Last time we saw David, Mali and Emilio, they were heading south, out of the United States, scrounging used fryer oil for their 1980 diesel VW Dasher. David wrote: "Under a darkening sky, we approached Naco, a small border crossing near Douglas, Ariz. We saw The Fence. Uggh. It was as ugly as could be. [The Mexican] side is decorated with banners, one telling us that over 2,000 persons had died crossing the border, and how many more would have to die?"
As I read their travelogue, I wondered, would they die, especially with posts like this: "It WAS scary driving at night, mainly because the road was windy, not marked well, DARK and the trucks shined their lights in our eyes. Plus our windshield wipers were crapped out and left streaks. AND the lights on our dasher are pretty dim. We then experienced our first contact with the dreaded topes, speed bumps from hell, which are sometimes marked, and often lie hidden. Even driving over them at a crawl would usually give the Dasher a horrible scrape. The Dasher is a low-rider, cruising about four inches above the ground."
They also hadn't planned on a dearth of veggie oil. In Parral, David posted: "Well I searched for oil for hours in Parral on a warm sunny day. There was not a drop to be had!!! Everyone throws out their oil at night and starts again in the day, and they throw it in the garbage. The whole way we've been trying to collect oil at restaurants, and 95 percent of the time they don't have anything, sometimes there is some 'gravy' and occasionally a cup or two of passable black veggie oil."
But as someone said, while unhappiness is at the table, joy is taking a nap; later David discovered some good stuff: "Me and Emilio stumbled into a Jackpot! A papas frances (French fry) place where they Kept Their Oil! 50 liters of Mexican Gold! We were so thrilled, because we'd been running on diesel for the past 20 km. The folks said that they sell it sometimes for 1 peso a liter, so we gladly paid them 50 pesos and hurried off to a park so Emi could play while I filtered. Whee! How exciting."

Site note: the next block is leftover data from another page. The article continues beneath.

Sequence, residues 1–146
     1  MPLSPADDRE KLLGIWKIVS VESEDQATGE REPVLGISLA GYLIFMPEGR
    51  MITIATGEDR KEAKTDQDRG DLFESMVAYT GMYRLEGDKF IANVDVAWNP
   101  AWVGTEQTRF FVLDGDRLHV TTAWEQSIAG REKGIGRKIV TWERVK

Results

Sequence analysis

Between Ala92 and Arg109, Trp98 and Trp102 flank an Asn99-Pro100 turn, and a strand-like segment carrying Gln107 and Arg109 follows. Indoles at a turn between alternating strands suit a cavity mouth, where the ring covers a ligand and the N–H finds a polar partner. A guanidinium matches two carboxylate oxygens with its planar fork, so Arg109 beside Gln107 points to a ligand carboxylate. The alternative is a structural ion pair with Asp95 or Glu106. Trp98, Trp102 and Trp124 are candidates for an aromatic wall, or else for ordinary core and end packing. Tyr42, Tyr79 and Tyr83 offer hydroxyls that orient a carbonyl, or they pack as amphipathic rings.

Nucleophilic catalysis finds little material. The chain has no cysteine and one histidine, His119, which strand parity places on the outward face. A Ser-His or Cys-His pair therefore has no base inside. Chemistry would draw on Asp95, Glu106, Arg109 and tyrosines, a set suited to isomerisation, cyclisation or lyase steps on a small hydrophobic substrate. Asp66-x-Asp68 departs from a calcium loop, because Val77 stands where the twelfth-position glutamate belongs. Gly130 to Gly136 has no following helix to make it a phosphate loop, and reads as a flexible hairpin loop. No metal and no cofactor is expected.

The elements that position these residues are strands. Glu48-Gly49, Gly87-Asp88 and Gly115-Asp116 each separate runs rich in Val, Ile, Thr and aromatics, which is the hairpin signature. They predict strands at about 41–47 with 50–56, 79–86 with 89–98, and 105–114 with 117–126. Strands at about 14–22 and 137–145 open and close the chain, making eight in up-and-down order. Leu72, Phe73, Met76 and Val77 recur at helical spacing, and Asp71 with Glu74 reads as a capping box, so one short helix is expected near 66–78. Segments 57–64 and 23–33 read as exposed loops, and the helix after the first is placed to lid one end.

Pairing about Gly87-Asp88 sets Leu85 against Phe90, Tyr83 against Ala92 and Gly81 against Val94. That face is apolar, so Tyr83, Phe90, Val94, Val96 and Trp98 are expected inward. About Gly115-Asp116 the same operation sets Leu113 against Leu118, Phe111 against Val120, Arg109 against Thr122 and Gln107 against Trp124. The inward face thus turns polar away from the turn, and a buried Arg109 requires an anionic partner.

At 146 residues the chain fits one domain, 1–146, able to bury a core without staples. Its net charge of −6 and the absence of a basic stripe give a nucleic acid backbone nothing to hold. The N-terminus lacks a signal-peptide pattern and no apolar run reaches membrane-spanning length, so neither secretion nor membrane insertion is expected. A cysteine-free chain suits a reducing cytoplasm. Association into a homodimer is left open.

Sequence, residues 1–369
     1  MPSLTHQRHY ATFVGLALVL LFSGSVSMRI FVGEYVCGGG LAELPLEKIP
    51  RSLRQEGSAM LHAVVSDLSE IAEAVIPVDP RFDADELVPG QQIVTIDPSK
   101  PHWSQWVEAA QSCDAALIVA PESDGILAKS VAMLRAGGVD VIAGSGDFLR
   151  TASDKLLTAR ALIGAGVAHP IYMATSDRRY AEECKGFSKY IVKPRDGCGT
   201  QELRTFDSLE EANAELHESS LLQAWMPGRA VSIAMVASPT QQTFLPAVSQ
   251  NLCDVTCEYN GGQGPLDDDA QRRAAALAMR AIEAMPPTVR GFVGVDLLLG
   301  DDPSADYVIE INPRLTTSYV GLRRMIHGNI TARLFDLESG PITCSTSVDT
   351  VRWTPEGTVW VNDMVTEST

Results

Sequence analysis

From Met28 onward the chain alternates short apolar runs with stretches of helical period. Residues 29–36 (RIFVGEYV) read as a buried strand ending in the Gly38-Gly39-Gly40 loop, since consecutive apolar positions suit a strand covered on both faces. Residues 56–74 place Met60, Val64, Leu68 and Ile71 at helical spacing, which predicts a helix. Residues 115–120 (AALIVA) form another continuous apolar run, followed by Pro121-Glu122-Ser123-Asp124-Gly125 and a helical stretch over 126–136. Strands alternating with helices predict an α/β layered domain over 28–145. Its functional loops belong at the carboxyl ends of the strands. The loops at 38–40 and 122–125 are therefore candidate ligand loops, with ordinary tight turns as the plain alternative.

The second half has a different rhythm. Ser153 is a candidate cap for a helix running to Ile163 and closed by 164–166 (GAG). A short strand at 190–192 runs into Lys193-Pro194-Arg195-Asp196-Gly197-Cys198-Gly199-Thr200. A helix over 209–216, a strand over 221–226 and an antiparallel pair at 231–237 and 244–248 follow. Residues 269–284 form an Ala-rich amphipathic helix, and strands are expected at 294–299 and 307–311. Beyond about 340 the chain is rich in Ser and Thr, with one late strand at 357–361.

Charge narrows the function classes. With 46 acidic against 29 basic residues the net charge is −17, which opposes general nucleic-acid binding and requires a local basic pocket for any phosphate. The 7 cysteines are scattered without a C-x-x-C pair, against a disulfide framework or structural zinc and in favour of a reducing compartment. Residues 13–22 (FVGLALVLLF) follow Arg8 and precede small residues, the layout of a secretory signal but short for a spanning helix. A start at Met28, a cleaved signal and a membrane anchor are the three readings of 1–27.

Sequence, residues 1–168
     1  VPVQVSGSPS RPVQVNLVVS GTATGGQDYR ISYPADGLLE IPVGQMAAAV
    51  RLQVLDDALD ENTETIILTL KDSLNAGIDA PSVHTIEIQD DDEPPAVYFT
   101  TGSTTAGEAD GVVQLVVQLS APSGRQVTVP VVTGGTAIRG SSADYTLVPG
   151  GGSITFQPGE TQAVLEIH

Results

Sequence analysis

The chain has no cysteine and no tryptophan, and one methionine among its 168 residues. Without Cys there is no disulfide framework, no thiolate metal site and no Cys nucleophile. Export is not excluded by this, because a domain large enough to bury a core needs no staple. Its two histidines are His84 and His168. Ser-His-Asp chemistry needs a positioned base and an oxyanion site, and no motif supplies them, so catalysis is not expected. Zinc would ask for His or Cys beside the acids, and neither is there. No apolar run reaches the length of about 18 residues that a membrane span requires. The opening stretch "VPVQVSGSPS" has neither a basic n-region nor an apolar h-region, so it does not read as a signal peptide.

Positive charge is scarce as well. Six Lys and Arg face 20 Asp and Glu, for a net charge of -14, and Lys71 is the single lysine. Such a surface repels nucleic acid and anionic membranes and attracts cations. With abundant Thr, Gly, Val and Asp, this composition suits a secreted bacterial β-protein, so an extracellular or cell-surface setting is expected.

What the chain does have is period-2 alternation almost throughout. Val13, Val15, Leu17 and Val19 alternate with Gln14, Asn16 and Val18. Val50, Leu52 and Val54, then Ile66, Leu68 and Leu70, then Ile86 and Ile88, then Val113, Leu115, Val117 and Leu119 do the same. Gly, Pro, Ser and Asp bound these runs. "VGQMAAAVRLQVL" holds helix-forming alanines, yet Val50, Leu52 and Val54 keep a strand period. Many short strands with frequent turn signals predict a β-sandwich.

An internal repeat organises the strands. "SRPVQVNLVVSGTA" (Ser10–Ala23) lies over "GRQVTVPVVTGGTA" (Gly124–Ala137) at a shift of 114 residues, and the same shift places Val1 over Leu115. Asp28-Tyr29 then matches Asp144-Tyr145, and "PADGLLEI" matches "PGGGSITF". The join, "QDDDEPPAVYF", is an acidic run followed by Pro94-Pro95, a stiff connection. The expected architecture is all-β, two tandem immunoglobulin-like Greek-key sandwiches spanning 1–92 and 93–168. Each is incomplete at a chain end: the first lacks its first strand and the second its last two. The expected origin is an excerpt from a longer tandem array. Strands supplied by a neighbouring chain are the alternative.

Did I mention that David & Co. are my heroes? They even found the time to cook with their veggie-oil car. David reported: "One funny thing is that I did make a rice-and-beans cooker for the car. We tapped into the coolant lines in the back above the veggie oil tank with 3/8 hose and coiled a copper tube into a nice shape and put it into a cooking pot with holes in top for the tubes. It cooked perfect a batch of rice in about 1 1/2 hours coming back from the Lancandon jungles. It's really funny to smell not only hot oil but rice and beans cooking!"
Just as our heroes feared they would soon run out of oil in southern Mexico, they encountered a caravan of two yellow veggie-powered buses (see http://www.sustainablesolutionscaravan.org) Being kind SVO-ers, the caravan filled up DM&E's tank with Sonoma olive oil, which carried them through Guatemala and Honduras, until they came to Nicaragua. David wrote: "Nicaragua has a fantastic transportation infrastructure, composed almost completely of retired US diesel school buses. You can go anywhere, and cheap. The buses are patched together with baling wire and duct tape, and are quickly and easily repaired by the industrious repairfolk. They are decorated and painted beautifully. But they spew out the most hateful plumes of black sooty diesel smoke. Nicaragua produces tons of veggie oil, corn, cottonseed, soy, palm oil. It would be practical and efficient to convert at least their public transportation infrastructure over to locally produced vegetable oil, the price of which would quickly become competitive with foreign-produced diesel, and the money would stay in Nicaragua, make more jobs, and improve the environment and health of the people. It's a no-brainer, except that the government is fundamentally corrupt to the core, and in bed with U.S. and European petroleum interests."
Costa Rica and Panama were a blur, the highlights being teaching impromptu classes, a press conference in Costa Rica, and many tire problems in Panama. Most of you must be dying to find out how they crossed the Darian gap, right? Stay tuned.
Read Part 1